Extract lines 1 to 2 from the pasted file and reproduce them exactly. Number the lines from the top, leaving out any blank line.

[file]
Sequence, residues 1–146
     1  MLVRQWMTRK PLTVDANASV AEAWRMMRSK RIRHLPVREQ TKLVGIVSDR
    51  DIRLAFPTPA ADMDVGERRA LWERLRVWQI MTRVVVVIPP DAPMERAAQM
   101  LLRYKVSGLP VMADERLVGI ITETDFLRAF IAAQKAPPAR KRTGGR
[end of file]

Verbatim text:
Sequence, residues 1–146
     1  MLVRQWMTRK PLTVDANASV AEAWRMMRSK RIRHLPVREQ TKLVGIVSDR